Gameplay Rating: 8/10 - Although this game proved very challenging, it did encourage us to play it over and over again to try and progress further through the level, which we think is a good thing, lots of replay value.
Value-For-Money Rating: 7/10 - at £5.70, this game is relatively expensive, but the game itself is very good and has various levels to explore, so we think that you will not be disappointed if you do choose to purchase it for your 3DS.
3D Classics: Urban Champion
This side-scrolling beat-'em-up was first developed by Nintendo in 1985 for the NES. It has already appeared in the Wii's virtual console, and has earned a slightly tarnished reputation for being boring and repetative.
Nevertheless, it is a neat little game, which has simple but humorous gameplay, complete with detailed and colourful graphics. As a result, Urban Champion is also our favourite 3D Classics game to date.
Players can choose whether to compete against the computer or against another player (using the 3DS' wireless settings) please note, however, that if you do use the multiplayer function, both players must have purchased and downloaded a copy of the game.
Your character must fight his way against an opponent in order to reach the next level. The character starts with the rank of 'Lonley Champion', but will recieve a new rank after each successful level.
As well as defeating his opponent, your character must avoid certain traps and obstacles during the brawl. For example, flowerpots are periodically dropped from appartment balconies. If your character gets hit on the head by one of these, it will instantly reduce his stamina and make him easy to beat, so be careful!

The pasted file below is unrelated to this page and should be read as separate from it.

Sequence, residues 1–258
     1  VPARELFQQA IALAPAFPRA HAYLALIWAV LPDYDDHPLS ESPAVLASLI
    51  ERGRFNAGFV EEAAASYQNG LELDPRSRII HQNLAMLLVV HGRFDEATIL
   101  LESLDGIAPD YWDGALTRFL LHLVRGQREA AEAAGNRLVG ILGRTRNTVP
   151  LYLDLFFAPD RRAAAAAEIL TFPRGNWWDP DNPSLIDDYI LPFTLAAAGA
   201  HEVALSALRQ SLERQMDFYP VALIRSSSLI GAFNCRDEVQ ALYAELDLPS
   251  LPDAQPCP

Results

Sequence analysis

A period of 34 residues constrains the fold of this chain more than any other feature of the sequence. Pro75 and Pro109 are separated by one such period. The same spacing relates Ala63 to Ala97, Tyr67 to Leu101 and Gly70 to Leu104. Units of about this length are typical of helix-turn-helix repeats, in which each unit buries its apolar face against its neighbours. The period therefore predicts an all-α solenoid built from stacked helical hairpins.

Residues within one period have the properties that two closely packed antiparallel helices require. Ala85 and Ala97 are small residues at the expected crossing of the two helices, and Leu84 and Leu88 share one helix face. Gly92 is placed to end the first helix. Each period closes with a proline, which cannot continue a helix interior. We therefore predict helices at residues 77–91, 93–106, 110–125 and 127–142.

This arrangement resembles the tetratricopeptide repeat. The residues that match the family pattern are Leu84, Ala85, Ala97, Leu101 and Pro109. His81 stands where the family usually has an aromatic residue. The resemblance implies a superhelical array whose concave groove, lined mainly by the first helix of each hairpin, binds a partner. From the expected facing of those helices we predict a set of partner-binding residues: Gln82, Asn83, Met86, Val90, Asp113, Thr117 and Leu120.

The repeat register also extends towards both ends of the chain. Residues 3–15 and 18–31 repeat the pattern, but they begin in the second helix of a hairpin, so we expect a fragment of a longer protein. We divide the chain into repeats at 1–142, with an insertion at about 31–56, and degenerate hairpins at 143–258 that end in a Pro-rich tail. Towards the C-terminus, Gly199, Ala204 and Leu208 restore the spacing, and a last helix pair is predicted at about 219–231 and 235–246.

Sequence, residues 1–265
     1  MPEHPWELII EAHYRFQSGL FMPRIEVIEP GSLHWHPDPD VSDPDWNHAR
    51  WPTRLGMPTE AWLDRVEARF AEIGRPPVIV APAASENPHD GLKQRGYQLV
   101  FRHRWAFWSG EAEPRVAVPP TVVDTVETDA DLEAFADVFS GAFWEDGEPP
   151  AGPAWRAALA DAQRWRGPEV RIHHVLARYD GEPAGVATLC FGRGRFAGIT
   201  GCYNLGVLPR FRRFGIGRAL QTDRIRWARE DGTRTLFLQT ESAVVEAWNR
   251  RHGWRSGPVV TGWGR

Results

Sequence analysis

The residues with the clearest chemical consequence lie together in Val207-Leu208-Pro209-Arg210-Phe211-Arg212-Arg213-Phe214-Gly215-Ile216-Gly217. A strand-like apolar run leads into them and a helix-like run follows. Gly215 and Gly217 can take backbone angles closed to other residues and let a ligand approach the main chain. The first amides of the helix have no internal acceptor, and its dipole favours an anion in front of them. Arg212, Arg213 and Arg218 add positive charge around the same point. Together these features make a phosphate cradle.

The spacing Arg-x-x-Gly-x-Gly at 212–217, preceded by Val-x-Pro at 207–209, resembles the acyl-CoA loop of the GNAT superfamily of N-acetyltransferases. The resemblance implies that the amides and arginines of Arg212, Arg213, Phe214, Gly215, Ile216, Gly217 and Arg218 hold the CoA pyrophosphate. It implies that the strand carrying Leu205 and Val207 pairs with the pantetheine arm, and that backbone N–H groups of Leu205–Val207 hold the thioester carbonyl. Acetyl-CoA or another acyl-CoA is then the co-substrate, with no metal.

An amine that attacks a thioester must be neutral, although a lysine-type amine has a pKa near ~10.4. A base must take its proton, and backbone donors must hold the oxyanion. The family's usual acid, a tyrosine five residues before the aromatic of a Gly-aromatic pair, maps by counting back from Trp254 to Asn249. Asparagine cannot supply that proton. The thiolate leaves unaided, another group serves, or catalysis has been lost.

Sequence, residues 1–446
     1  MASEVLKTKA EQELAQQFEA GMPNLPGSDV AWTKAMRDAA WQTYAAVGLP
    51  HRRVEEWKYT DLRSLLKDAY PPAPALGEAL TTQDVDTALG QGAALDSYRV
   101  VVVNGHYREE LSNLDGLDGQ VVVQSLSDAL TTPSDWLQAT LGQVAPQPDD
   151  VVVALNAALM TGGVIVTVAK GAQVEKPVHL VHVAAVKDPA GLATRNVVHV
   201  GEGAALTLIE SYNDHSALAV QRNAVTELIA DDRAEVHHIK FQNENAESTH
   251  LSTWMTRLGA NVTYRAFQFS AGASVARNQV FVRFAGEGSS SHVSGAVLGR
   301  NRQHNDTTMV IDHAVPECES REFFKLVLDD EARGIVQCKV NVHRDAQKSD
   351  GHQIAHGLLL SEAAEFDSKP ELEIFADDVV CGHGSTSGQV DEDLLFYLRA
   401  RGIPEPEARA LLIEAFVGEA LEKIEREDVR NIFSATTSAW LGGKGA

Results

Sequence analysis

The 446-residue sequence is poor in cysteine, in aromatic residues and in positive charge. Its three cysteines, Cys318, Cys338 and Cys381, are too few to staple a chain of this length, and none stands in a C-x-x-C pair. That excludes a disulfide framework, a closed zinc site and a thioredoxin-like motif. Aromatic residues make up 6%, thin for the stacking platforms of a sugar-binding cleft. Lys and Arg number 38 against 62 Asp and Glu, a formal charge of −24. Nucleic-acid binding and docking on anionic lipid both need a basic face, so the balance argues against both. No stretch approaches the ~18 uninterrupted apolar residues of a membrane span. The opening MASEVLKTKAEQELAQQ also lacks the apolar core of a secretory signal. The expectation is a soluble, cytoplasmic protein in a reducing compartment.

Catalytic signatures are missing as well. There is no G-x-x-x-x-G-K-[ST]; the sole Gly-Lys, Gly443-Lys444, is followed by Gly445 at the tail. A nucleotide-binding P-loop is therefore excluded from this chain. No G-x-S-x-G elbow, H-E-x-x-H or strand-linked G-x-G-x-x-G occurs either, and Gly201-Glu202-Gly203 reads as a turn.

Police Cars also patrol the area from time to time. If your character is caught throwing a punch when the car is in the vicinity, your character will be arrested, leading to an automatic 'Game Over'.
The 3D graphics are fantastic and suit the cartoon-style of the game, which is slightly reminicent of the late 1980s Amstrad graphics. The detailed backgrounds in this game are really impressive, but can feel a little bit repetative on occasions.
URBAN CHAMPION RATINGS SUMMARY:
Graphics Rating:7/10 - Cartoon-style, but very clear 3D graphics, however a bit repetative after a while.
Gameplay Rating: 9/10 - simple, funny and surprising. Tons of replay value. Good for those odd few minutes when you are searching for something to do.
Value-For-Money Rating: 10/10 - This game was excellent, especially when played against another person. Very amusing and entertaining. At £4.90, this game is definitely worth your time and money. Not to be underestimated.
So, that's our review of the 3D Classics series. We were pleasantly surprised by the quality of the games that we tried. These games are unlikely to appeal to many hardcore gamers, but for a bit of inexpensive, time-filling, these games are the perfect solution.
Trailers and screenshots of each of these games can be viewed now in the Nintendo eShop.
Have you already bought any of these games? Why not let us know what you think by leaving us a comment? We'd love to hear your thoughts.